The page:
exchanges-and supply the exhibitor
direct, would mean a tremendously
increased profit to us. But as we
considered the work that the ex-
change men had accomplished in up-
building the industry and the thou-
sands of dollars they had invested in
the business, and their assurances to
us that they would rather join the In-
ternational movement than affiliate
with the trust, we believed it to be
but common justice to avail ourselves
of their assistance.
"So the idea of supplying the ex-
hibitor direct was abandoned. We
therefore gave the exchange man the
opportunity of reaping the benefits of
our hard work, continuous advertis-
ing and invested capital.
"But the exchanges did not appre-
ciate this opportunity.  They  con-
tinued to palm off shoddy, duped and
old, rainy films under the guise of
International, thereby injuring the re-
sults of our efforts and cheating the
exhibitor out of his hard-earned
profits.
"We said in the beginning and we
will say again, the exhibitor must get
what he pays for. We have our vaults
filled with the finest films that the
moving picture world has ever known.
The foreign manufacturers, since we
have created a market for their goods
in this country, are outdoing them-
selves in massive and expensive pro-
ductions.
To Establish Exchanges.
"With their factories working night
and day we are able to supply ex-
hibitors in the United States and
Canada with the International product
and we intend to do it.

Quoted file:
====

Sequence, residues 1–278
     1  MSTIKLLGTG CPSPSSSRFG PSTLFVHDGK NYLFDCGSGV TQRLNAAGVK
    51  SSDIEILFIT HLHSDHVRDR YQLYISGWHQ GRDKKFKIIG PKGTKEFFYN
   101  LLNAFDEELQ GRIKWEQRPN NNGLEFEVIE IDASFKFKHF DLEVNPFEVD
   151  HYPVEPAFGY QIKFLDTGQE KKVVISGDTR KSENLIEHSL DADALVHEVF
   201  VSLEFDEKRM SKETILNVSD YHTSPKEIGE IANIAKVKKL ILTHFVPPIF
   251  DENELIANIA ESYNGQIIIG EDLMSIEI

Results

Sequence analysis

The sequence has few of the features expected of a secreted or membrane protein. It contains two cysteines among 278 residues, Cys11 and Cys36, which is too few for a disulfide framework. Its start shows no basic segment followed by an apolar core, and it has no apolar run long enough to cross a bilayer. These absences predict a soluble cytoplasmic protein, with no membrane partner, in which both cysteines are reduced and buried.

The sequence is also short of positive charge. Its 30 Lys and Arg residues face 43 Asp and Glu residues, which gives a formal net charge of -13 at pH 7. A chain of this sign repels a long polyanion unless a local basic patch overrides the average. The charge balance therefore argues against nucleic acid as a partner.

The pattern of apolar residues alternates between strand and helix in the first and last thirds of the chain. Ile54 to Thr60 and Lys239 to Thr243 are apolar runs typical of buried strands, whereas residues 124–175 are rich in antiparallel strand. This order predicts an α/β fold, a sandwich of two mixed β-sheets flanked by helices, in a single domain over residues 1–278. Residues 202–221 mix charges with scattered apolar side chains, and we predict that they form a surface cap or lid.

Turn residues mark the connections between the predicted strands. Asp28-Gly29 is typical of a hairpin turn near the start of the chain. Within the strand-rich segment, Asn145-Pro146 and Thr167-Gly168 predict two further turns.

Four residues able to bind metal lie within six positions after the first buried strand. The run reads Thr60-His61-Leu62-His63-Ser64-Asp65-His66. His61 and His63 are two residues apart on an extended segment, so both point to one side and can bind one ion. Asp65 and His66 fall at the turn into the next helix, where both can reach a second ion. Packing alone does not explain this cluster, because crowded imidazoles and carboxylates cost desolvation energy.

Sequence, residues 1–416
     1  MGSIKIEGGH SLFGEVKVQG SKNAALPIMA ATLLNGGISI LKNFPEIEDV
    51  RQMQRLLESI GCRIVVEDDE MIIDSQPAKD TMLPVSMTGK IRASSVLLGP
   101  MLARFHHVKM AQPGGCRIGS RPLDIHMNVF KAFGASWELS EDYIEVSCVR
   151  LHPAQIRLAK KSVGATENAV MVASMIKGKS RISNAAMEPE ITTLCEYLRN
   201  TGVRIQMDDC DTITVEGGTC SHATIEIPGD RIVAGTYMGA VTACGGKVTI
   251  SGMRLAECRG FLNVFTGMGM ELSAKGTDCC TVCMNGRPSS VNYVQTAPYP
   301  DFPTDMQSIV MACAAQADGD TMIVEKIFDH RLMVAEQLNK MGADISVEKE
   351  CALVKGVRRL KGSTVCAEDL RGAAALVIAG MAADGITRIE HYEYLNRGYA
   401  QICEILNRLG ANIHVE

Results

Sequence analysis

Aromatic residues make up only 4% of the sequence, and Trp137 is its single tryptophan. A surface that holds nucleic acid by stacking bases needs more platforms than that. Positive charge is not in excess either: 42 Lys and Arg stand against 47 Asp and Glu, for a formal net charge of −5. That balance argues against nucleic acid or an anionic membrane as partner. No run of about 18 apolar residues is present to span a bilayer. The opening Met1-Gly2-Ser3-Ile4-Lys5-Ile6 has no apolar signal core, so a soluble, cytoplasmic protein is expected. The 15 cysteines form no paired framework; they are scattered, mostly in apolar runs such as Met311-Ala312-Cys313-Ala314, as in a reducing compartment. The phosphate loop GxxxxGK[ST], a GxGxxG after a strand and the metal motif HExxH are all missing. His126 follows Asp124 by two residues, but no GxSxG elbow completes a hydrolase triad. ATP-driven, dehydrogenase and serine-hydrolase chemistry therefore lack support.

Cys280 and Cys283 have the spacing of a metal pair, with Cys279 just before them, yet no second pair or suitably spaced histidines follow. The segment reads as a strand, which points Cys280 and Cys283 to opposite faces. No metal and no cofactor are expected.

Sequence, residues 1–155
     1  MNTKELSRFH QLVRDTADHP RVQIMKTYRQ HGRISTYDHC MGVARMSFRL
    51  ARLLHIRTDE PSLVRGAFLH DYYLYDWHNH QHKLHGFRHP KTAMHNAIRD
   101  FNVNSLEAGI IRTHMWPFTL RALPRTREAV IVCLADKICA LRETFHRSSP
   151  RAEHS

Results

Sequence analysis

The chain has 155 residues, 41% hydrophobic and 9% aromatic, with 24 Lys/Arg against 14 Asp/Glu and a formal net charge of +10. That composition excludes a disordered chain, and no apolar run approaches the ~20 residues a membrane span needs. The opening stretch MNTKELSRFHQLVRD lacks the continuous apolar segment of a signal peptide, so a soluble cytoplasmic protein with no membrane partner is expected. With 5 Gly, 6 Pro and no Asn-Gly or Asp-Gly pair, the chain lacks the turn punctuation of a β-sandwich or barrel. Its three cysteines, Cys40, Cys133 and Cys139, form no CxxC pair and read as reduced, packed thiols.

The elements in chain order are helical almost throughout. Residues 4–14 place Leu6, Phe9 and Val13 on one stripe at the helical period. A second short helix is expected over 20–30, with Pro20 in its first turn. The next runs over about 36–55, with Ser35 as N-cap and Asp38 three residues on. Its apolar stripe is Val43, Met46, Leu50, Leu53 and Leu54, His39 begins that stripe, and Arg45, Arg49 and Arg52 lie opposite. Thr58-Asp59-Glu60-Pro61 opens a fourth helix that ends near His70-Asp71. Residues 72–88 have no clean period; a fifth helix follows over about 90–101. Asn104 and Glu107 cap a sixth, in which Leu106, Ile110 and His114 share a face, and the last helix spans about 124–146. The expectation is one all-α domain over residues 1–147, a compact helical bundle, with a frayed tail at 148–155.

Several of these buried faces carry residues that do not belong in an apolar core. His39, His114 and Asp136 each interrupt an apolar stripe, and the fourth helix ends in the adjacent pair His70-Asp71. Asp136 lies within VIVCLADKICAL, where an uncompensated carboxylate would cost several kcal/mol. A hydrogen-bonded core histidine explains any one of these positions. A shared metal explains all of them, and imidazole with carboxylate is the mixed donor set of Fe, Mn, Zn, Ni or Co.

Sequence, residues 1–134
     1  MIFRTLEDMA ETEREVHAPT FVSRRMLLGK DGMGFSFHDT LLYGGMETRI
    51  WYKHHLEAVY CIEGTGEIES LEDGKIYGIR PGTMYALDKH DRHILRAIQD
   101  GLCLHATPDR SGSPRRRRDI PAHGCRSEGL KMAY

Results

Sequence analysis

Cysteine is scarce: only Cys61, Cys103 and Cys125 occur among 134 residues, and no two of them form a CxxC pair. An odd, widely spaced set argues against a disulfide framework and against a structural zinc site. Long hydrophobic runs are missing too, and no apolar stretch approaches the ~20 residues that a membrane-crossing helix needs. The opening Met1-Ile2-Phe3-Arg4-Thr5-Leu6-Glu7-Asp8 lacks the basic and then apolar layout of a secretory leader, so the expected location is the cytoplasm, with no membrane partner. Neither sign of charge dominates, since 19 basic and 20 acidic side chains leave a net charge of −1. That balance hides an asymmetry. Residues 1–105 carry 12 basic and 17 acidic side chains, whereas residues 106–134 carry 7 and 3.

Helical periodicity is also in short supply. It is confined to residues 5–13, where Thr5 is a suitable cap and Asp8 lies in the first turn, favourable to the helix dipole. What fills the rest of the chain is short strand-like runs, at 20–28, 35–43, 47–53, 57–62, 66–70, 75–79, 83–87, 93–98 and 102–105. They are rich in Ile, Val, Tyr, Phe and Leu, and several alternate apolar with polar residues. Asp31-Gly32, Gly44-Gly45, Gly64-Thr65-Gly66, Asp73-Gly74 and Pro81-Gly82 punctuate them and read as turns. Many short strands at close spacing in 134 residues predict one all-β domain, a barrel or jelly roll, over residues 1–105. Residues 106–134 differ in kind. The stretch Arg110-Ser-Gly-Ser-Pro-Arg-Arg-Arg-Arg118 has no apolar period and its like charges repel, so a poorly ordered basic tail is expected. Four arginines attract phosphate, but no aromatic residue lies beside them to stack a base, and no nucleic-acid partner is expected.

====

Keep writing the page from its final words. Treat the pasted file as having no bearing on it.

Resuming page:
"We have no desire whatsoever to
interfere with the business of those
exchanges which have proven their
loyalty to the International company,
and who have treated the exhibitors
with due consideration.
"At a meeting in New York city a
number of exchanges signed their
names agreeing to treat their custom-
ers right and to stick to International
service.
"We will open exchanges in most
of the large cities of the United
States and Canada. We have already
secured the services of a number of
the best men to be found in the film
business, whom we feel assured will
deal courteously with exhibitors, and
we will establish our exchanges as
rapidly as men and locations can be
secured. We want nothing but the
high-salaried men, who are capable
ofhandling the vast business. As the
business is already established, all we
have to do is to hand the exhibitor
the goods.
"We will announce through the col-
umns of the Show World the loca-
tions of the exchanges as quickly as
they are opened."
St. Paul Park Notes.
ST. PAUL, July 4.-Wildwood, the
St. Paul amiusement resort, located on
White Bear Lake seven miles from
the city, and under the management
of H. M. Barnet. the well known local
park manager, is doing a nice busi-
ness this season.
The handsome new pavilion was
opened Decoration Day to a crowd